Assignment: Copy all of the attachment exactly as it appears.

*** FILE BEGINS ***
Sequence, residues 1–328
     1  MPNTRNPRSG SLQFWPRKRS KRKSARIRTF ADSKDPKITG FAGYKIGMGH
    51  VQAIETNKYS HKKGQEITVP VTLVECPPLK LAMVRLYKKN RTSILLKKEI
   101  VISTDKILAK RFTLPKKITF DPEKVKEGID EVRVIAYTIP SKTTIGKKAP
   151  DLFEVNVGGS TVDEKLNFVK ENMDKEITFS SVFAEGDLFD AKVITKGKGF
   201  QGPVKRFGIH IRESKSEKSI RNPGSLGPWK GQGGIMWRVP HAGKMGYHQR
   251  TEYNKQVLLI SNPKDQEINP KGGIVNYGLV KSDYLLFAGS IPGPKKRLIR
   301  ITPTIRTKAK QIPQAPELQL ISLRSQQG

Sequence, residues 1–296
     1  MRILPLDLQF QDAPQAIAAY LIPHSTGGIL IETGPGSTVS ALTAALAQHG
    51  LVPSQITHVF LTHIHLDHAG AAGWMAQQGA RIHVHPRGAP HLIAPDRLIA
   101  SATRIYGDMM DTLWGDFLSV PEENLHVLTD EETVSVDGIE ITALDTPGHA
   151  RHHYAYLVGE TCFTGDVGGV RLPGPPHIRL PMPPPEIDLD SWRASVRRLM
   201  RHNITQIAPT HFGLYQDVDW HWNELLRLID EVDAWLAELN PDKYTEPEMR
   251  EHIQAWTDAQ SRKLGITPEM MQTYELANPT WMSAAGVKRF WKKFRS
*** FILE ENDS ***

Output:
Sequence, residues 1–328
     1  MPNTRNPRSG SLQFWPRKRS KRKSARIRTF ADSKDPKITG FAGYKIGMGH
    51  VQAIETNKYS HKKGQEITVP VTLVECPPLK LAMVRLYKKN RTSILLKKEI
   101  VISTDKILAK RFTLPKKITF DPEKVKEGID EVRVIAYTIP SKTTIGKKAP
   151  DLFEVNVGGS TVDEKLNFVK ENMDKEITFS SVFAEGDLFD AKVITKGKGF
   201  QGPVKRFGIH IRESKSEKSI RNPGSLGPWK GQGGIMWRVP HAGKMGYHQR
   251  TEYNKQVLLI SNPKDQEINP KGGIVNYGLV KSDYLLFAGS IPGPKKRLIR
   301  ITPTIRTKAK QIPQAPELQL ISLRSQQG

Sequence, residues 1–296
     1  MRILPLDLQF QDAPQAIAAY LIPHSTGGIL IETGPGSTVS ALTAALAQHG
    51  LVPSQITHVF LTHIHLDHAG AAGWMAQQGA RIHVHPRGAP HLIAPDRLIA
   101  SATRIYGDMM DTLWGDFLSV PEENLHVLTD EETVSVDGIE ITALDTPGHA
   151  RHHYAYLVGE TCFTGDVGGV RLPGPPHIRL PMPPPEIDLD SWRASVRRLM
   201  RHNITQIAPT HFGLYQDVDW HWNELLRLID EVDAWLAELN PDKYTEPEMR
   251  EHIQAWTDAQ SRKLGITPEM MQTYELANPT WMSAAGVKRF WKKFRS